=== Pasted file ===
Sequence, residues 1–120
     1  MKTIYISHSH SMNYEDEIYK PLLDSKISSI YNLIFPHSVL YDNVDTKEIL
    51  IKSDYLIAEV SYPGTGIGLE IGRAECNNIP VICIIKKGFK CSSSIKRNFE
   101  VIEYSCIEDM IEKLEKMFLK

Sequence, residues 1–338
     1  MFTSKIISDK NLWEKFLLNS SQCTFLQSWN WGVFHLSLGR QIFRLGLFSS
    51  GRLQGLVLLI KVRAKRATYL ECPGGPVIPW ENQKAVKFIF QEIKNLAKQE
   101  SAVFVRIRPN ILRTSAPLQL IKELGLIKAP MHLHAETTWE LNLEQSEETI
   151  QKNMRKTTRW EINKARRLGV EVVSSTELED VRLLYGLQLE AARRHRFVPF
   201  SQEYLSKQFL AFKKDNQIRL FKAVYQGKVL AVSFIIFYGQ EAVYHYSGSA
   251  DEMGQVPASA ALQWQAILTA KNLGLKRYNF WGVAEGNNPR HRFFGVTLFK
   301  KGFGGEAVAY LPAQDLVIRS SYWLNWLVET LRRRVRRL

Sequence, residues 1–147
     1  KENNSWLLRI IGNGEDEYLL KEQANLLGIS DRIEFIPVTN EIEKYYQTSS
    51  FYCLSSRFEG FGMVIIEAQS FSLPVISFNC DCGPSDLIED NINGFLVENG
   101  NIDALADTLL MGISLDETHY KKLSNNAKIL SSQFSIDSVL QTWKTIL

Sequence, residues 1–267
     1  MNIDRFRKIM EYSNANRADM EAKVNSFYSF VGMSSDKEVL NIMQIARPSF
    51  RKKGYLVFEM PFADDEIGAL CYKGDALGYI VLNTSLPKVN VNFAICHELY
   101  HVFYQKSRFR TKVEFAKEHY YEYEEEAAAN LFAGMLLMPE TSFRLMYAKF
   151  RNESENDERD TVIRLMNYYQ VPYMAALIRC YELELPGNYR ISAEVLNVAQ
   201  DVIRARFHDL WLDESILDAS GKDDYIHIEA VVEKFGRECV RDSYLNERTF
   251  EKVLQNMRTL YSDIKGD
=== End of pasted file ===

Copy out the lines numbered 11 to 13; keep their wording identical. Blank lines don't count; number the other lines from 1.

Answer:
   251  DEMGQVPASA ALQWQAILTA KNLGLKRYNF WGVAEGNNPR HRFFGVTLFK
   301  KGFGGEAVAY LPAQDLVIRS SYWLNWLVET LRRRVRRL

Sequence, residues 1–147